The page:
Option 2: I would have changed the subject and pretended that nothing happened. Later, over a pint of ice cream, I’d have carefully and cautiously dissected every word of the conversation and quoted High Fidelity at myself while I determined what Nate had meant when he said, “yet”. I probably would have called my Best Friend ™, who would have given me terrible dating advice while simultaneously proven that she was more of a whore than I could ever hope to be. (Unless she was the ugly best friend, in which case she would have given me slightly better advice, but would have been jealous of me. Later she’d try to undermine my relationship, but the power of love would have persevered and I’d have forgiven her perfidy because I’m a better person.)
Fortunately, this is not a romance novel nor a romantic comedy. Instead, I placed my hands down on either side of the plate, leaned forward, and said, “So, I can’t help but notice that we’re moving in this direction. Are you interested in pursuing this? Because I am.”
Given that you’re reading this on our wedding blog, you may take it as given that it all worked out from there.
Nate and I probably met a couple of times before we actually met.
Nate went to college with his best man, Matthew Marovich. Matt is a brilliant guy, funny, sweet, talented, and prone to hysterical ranting and raving, usually while muppet-flailing.
Matt and I met through our Renaissance faire guild while we were both in college (although going to different schools), although I made it down to Santa Cruz a few times to hang out with him. He swears that we hung out while he was hanging with Nate. There is photographic evidence that Nate and I were at the same parties at the same time, but for whatever reason, we didn’t quite ever connect.
And then in August of 2008, Nate and I really met at a renaissance faire that Matt and his (then fiance, now) wife were working with me. They had dragged Nate along to guest with our guild, and had evidently spent the entire drive to the faire site warning Nate that we’re a hard group to break into, but just be friendly, helpful, and respectful, and maybe, just maybe, we would warm to him. Maybe.
It’s a thing about working faires the way we do, which is to say that we work really hard and play only slightly harder than that. Our guild likes people who are useful before they are nice, and in the division between “nice” and “interesting”, we’ll almost always pick “interesting”.
Nate is unusual in that he is genuinely kind, has a wicked sense of humor, and is competently helpful.
Sometime on Saturday while I was tipsily wandering around our faire yard and after Nate had cheerfully acquiesced to being a beast of burden for the Ladies ™, I asked him to pick up a chair or bring us a drink, or something equally useful to someone who was wearing more velvet than any human being rightfully ought to. After delivering whichever slightly ridiculous request the Ladies had made, I pointed at his chest and said, “I like you.”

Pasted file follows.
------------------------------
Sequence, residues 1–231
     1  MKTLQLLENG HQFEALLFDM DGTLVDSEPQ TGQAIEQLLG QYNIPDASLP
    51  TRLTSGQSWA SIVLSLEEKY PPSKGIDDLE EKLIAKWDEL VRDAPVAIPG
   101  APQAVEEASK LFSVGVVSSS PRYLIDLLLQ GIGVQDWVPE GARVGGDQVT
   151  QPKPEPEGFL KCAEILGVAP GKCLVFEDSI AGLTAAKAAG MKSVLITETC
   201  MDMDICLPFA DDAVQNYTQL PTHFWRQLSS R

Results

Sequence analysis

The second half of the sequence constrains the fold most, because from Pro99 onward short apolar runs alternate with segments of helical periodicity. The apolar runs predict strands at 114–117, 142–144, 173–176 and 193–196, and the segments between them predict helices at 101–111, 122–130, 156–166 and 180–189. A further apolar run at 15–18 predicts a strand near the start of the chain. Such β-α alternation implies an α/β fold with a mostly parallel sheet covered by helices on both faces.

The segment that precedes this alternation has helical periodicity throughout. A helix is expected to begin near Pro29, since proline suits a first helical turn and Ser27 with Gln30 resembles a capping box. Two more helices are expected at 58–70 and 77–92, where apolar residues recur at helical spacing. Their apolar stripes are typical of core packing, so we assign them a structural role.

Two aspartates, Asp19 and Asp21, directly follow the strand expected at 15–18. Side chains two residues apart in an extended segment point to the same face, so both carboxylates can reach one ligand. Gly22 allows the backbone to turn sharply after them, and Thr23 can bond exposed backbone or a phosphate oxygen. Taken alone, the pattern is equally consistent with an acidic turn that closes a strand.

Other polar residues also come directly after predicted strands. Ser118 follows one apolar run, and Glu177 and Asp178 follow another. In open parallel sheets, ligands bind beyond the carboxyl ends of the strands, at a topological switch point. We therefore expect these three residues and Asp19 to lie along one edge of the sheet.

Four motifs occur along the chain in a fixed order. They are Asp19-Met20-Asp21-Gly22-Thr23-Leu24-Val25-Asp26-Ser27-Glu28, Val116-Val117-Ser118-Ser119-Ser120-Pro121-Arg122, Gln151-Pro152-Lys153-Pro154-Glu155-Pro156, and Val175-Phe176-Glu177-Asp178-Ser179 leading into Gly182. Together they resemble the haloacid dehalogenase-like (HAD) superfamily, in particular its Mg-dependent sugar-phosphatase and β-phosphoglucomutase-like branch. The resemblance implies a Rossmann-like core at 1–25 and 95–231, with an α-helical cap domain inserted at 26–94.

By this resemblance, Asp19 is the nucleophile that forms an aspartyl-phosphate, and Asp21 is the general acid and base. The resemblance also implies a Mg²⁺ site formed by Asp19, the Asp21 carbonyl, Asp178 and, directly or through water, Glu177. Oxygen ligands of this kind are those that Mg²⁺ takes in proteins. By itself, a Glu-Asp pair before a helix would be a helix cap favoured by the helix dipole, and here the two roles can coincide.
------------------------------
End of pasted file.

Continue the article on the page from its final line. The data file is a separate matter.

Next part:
I am known for not liking many people and certainly not enough to want to spend time with them intentionally. When I meet people I like, I don’t believe in dicking around with half-assed looks from afar or wondering if they like me, too. I liked Nate, so I told him then and there.
Later that weekend found us working hard shoulder to shoulder and exchanging email addresses. Soon after we discovered that we have similar hobbies, and a friendship was formed.
Nate and I were both dating other people at the time, so our relationship started with a friendship. We were both trying to identify what we wanted in our lives and it was sort of inevitable that when we both finally found ourselves single at the same time, we looked at each other and realized that the answer to that was waiting right there.
Being the sort of nerds we are, Nate and I have a lot of catch phrases that we use in our lives. These are phrases that allude to other conversations and act as a sort of short-hand in our day to day existences. Rather than relate an entire story that we’ve already told each other a million times, or worse, we were both there for, but don’t really require an entire rehashing, we now have entire conversations with nothing but punchlines.
In a weird way, this is one of the ways that we know we’re good for one another.
This sort of behavior is common among our friends. Among geeks, it’s common to reference movie quotes or obscure song lyrics that will only make sense if you have shared context – everyone has seen that show or movie or knows that band or was there for that moment. In the same way that our generation talks about where we were on 9/11 and our parents’ generation talks about where they were during the moon landing or JFK’s assassination (one of the ways in which we establish our shared context), it is common for geeks to talk about the Princess Bride or Holy Grail or the Goonies with many of the same reverent tones. But because we have all seen those movies, we don’t need to ask whether we remember them; they are indelibly part of our cultural context. We establish that by shouting, “Inconceivable!” or inquiring after the airspeed velocity of an unladen swallow.
Shared context is the cornerstone of understanding. Nate’s and my understanding of one another is filled with pop-culture references, past conversations with one another, and characters we’ve pretended to be during the course of the games we’ve played together and separately. It’s not that we don’t have important conversations about politics and economics, religion and social policy. It’s just that even those conversations are filled with lines like:
* That guy? Fuck that guy.
* I’m thinking about cheese.
* And that’s when the fight started.
It’s the code of nerds and more specifically, our special, secret code that we share with one another and our closest friends. Newcomers know that they are not yet part of the club because they haven’t been invited into our in-jokes.
I don’t think that Nate and I are particularly alone in this. Many couples have their shared jokes and weird quirks known only to each other. However, Nate and I have acknowledged them and made something of a study of them. Occasionally when we realize we’ve made one of those jokes or had a conversation that code breakers would be scratching their heads over as seemingly no actual information was conveyed, one or the other of us will stop, look at the other, and say, “I love you,” which in itself is code for, “We have just successfully had a meaningful conversation that would have been impossible if we did not think in some fundamentally similar ways and had the shared context to understand one another. And that’s pretty fucking awesome.”